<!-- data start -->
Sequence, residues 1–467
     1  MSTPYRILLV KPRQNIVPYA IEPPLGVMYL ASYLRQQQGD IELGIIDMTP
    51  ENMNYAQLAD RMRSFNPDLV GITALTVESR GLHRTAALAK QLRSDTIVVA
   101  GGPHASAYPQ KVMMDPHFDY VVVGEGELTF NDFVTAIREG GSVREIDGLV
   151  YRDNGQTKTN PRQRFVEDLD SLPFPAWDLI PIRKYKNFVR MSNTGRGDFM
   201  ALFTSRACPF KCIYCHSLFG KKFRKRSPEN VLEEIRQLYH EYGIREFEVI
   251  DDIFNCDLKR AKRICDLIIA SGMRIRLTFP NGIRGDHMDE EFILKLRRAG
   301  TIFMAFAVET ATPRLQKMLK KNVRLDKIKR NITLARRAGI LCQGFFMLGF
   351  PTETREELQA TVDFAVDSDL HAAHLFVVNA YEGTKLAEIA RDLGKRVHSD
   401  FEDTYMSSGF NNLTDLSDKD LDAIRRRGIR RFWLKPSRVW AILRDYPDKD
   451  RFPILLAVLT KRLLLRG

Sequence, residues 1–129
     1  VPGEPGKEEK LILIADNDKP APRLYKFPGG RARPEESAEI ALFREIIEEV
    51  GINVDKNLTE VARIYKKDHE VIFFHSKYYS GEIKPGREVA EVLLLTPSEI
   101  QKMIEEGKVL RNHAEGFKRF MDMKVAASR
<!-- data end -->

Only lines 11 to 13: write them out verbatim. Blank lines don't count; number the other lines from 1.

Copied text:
   451  RFPILLAVLT KRLLLRG

Sequence, residues 1–129
     1  VPGEPGKEEK LILIADNDKP APRLYKFPGG RARPEESAEI ALFREIIEEV